But with too much of a reliance on an external GABA stimulator like alcohol, in the same way that caffeine will burn out your adrenalin, alcohol will fry your GABA, leaving you craving more and more just to get the same GABA hit and leave you feeling anxious…..
Because at the heart of the matter, alcohol became GABA or a deep tissue massage for you in a bottle.
Have you ever craved alcohol just to unwind and numb yourself from pain?
Well it is also an anesthetic…
Give it a day or two, I promise you will need it less. 7 days without is the best initial goal..
Although harder effort initially, use exercise or meditation to arouse the same natural painkillers and neurotransmitters ….
The mood regulator serotonin
It is responsible for regulating things in the body like mood, appetite, and sleep. The right amount of serotonin in the brain produces a relaxed and positive feeling (4).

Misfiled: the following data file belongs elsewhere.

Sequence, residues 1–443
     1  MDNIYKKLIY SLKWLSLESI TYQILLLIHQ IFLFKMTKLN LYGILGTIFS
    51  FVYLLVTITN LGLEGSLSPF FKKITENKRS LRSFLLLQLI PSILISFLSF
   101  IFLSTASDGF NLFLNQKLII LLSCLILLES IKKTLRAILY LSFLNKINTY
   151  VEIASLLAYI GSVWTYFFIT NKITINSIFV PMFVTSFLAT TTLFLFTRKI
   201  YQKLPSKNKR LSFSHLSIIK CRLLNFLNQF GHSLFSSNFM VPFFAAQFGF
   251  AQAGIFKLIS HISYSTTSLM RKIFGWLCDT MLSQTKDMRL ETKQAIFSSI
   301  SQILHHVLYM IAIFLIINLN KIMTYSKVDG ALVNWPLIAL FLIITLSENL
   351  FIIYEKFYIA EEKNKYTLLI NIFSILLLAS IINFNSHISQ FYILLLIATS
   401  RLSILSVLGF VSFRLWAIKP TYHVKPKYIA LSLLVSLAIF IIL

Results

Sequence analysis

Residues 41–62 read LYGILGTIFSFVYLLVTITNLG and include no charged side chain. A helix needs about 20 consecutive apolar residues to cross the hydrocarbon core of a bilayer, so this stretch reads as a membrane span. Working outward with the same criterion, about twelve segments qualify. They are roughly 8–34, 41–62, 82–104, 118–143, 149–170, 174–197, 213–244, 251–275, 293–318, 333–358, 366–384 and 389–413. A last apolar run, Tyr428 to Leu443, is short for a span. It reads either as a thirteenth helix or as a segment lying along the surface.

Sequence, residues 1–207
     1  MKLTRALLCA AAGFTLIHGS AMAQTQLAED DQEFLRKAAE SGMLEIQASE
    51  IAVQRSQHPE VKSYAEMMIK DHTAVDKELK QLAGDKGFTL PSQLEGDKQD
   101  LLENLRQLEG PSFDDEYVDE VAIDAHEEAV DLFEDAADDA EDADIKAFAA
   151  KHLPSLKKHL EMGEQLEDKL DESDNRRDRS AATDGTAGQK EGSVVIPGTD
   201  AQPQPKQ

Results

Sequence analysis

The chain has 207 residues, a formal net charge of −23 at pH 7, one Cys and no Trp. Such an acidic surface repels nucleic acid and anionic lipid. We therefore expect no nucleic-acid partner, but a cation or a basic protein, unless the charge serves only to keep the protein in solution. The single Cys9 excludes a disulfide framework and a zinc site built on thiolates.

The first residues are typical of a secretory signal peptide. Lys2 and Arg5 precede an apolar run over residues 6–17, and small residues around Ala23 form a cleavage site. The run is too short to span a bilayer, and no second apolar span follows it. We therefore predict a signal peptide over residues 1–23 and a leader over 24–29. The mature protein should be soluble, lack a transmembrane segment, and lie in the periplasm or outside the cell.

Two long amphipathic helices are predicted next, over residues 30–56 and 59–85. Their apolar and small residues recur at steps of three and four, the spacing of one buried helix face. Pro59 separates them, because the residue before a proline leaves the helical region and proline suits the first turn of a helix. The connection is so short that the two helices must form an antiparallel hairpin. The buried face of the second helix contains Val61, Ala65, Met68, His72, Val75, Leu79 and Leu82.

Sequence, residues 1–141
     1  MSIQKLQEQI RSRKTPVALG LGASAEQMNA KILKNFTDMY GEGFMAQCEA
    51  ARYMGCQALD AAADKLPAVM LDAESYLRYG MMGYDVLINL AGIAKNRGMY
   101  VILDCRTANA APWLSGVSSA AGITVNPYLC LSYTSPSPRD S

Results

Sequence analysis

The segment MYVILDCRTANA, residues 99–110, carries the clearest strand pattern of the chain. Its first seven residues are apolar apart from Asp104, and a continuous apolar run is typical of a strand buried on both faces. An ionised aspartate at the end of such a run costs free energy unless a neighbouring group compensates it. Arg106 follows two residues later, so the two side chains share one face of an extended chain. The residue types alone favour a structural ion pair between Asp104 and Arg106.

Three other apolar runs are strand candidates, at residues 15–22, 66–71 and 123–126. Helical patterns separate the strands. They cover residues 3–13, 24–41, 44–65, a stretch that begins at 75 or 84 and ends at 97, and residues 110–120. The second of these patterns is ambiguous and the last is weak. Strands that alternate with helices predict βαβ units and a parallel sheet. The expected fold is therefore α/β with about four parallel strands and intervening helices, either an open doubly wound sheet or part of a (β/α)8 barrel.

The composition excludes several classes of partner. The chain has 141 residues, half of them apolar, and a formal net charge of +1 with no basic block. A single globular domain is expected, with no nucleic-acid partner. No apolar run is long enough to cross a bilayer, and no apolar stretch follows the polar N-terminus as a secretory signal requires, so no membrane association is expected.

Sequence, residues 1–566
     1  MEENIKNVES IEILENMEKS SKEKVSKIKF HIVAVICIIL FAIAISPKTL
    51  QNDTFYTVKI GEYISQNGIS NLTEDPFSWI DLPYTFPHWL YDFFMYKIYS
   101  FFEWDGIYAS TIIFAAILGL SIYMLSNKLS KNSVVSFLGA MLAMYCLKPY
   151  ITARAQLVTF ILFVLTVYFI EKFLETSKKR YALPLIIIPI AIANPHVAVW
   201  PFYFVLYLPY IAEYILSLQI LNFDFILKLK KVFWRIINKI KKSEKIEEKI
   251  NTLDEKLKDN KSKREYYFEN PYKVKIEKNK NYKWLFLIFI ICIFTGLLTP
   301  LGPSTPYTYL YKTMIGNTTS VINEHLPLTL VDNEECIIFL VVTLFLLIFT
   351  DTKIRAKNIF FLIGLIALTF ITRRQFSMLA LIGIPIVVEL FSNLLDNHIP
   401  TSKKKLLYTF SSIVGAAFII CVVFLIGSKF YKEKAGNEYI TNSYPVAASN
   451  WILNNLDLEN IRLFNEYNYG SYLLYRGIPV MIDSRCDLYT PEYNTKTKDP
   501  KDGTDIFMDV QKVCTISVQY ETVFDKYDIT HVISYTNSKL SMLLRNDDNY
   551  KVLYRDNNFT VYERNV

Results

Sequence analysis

As it turns out, approximately 90% of the serotonin in the body is located in the gut and produced by your gut microbes. Low serotonin is also responsible for when you feel ‘hangry.’
Don’t you hate being accused of ‘hangry’ when you know it’s true…
The remaining 10% is synthesized in the central nervous system (CNS). The neurotransmitter serotonin can actually modulate motility in the gut.
When levels of serotonin are skewed, this can cause either constipation or diarrhoea.
The love hormone oxytocin
Primarily tied to our reproductive systems, oxytocin also has an impact on our emotive, cognitive, and social reactions, helping us to be warm, trusting, and open (5).
It is now understood that gut bacteria exert effects beyond the local boundaries of the gastrointestinal tract to include distant tissues and overall health.
Probiotic bacterium Lactobacillus reuteri has been found to upregulate the hormone oxytocin and systemic immune responses to achieve a wide array of health benefits involving wound healing, mental health, metabolism, and musculoskeletal maintenance (6).
Understanding the complexity of the Gut-Brain-Axis